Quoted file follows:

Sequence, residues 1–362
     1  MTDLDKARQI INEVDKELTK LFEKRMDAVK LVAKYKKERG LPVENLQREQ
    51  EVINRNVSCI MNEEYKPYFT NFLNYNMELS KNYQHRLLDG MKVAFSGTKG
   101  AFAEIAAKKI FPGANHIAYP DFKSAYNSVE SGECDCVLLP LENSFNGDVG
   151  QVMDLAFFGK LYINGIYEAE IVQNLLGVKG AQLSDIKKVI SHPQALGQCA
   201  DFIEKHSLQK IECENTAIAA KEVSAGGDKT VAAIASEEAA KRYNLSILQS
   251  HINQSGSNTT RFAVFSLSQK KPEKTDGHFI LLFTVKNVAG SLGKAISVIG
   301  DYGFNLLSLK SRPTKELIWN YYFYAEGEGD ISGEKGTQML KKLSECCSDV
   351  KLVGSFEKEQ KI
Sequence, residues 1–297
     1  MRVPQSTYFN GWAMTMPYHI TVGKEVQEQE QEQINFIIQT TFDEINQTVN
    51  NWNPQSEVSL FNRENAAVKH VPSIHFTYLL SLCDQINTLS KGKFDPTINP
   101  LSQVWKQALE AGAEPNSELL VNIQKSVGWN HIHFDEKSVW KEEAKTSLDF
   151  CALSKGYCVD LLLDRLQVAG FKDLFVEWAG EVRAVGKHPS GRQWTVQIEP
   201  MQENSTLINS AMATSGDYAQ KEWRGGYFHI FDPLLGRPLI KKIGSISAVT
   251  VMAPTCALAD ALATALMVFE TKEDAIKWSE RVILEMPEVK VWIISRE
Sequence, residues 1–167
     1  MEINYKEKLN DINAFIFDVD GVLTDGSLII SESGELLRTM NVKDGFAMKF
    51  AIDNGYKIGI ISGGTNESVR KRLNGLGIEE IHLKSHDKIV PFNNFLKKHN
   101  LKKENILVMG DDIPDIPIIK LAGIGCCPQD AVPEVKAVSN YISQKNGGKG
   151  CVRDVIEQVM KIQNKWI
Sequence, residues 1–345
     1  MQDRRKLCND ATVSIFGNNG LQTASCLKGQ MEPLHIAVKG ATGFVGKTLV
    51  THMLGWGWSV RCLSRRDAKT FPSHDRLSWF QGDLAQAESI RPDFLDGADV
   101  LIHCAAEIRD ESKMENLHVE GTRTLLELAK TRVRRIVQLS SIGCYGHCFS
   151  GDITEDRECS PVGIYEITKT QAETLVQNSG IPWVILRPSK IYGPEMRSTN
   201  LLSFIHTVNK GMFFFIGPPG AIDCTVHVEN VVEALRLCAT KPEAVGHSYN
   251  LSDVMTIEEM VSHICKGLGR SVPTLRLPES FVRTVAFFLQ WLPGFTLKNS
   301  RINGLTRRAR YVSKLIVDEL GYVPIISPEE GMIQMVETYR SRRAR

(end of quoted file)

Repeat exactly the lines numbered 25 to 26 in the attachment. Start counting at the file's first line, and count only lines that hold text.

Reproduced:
   101  LIHCAAEIRD ESKMENLHVE GTRTLLELAK TRVRRIVQLS SIGCYGHCFS
   151  GDITEDRECS PVGIYEITKT QAETLVQNSG IPWVILRPSK IYGPEMRSTN